Applications -> System Tools -> Configuration Editor opens the holy grail of settings. Many of the settings here can be accessed from the System -> Preferences menu and should be changed from there. However, there are settings not accessible from any menu and that’s were Configuration Editor comes into its own. If there’s some subsystem that won’t work right for you, perhaps this is the place where you can set things right. You can even fix many file associations here.

The good news is that Configuration Editor allows you to change almost any setting in the system. The bad news is that it allows you to change almost any setting in the system. Tread lightly. You can change such innocuous settings as your wallpaper, default browser, and media program. But you can also change the core of your Internet access, font rendering, sound system, and windows manager settings. I didn’t find anything here that could render your system unbootable, but you could break your sound, Internet, or something else you value.

config-bum-basic

I saved the most dangerous for last. System -> Administration -> BootUp-Manager provides a GUI for editing the active services in your system, allowing you to terminate them or stop some from loading in the first place. Be careful. If you delete a critical service, it will hurt. Maybe badly. If you don’t have a laptop, you can get rid of the battery-related ones. Other than that, do your homework before wandering around the services list with a hatchet.

config-bum-adv

If you check the Advanced box at the bottom, you get multiple tabs with greater detail and more available control. Please don’t even think of going here unless you really know what you’re doing.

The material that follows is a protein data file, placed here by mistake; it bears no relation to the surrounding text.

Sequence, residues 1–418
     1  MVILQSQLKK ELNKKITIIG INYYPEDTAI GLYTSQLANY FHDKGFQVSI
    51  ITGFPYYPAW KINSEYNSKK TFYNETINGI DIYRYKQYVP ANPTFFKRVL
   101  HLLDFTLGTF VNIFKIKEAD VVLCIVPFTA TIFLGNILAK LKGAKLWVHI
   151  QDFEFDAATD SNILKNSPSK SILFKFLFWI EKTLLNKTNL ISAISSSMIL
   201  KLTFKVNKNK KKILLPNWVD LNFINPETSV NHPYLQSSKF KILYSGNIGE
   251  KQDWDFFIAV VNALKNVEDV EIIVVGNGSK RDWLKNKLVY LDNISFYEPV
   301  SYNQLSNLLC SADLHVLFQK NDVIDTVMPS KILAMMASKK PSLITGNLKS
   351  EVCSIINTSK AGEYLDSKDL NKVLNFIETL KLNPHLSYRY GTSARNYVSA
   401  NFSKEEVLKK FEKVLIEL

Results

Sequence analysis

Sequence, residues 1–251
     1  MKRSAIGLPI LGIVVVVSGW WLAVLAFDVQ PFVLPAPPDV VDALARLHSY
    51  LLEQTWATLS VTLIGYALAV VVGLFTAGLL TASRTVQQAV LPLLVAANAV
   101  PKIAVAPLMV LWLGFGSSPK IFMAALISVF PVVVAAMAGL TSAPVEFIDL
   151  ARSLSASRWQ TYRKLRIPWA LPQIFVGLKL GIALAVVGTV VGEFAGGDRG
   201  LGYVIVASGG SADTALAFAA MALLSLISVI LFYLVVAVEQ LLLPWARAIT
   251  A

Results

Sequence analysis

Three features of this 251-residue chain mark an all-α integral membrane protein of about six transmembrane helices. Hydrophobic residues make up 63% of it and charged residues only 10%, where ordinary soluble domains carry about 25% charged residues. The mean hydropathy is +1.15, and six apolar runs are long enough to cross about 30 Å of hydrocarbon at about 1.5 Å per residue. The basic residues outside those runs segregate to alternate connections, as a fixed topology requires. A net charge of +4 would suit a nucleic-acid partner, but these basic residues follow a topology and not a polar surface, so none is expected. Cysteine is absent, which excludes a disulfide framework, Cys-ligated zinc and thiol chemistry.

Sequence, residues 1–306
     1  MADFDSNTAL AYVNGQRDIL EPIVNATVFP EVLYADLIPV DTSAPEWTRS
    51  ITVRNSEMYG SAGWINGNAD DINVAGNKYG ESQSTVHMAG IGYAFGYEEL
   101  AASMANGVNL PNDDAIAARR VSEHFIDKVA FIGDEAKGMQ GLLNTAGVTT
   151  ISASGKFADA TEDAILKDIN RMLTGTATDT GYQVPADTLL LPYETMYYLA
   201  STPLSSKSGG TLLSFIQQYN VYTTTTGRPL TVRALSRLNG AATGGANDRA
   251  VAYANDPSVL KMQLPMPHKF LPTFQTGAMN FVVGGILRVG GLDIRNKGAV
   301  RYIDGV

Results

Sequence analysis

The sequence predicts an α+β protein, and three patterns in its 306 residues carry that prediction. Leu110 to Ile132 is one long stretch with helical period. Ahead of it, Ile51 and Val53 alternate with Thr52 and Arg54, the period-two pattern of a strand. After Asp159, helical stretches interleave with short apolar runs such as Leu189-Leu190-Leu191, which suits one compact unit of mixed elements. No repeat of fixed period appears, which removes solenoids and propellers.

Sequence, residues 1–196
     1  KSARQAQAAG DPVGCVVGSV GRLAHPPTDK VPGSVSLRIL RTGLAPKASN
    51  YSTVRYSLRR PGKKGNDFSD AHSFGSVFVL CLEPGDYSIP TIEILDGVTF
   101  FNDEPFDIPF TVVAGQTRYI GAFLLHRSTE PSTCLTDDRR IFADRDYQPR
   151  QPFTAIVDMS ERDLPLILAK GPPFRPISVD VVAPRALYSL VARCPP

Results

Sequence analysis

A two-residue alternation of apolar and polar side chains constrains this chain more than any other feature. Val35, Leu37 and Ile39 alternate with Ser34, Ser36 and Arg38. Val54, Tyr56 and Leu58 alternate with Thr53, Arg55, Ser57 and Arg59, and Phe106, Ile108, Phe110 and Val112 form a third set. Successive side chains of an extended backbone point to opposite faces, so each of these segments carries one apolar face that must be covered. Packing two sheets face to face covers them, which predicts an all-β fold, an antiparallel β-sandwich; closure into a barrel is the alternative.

Wrap Up

Overall screen now:

config-full-screen

These are the tools which I found to help customize and/or fix settings in Ubuntu’s Gnome implementation. Use them at your discretion. Don’t blame me if you get bunyons or if your acne flares up. Collectively, they still don’t have all of the flexibility provided in KDE’s controls, but they’ll get you close.

Of course, these configuration changes are mostly in addition to those I discussed previously in obtaining a full-function Ubuntu 8.10 setup and using Compiz Fusion.

I’m still exploring Gnome, so if you have additional suggestions, please let me know. Overall, I’m pretty happy with this setup.

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Responses

  1. […] related questions either in Ubuntu Tweak or Gnome Configuration Editor. I’ve written about Configuration Editor before, including installing it from the Ubuntu Software Center. Ubuntulady wrote a nice post about Ubuntu […]

  2. […] The following assumes that you installed lmsensors from the repositories and ran sensors in the terminal. I wrote about that a long time ago in this post. […]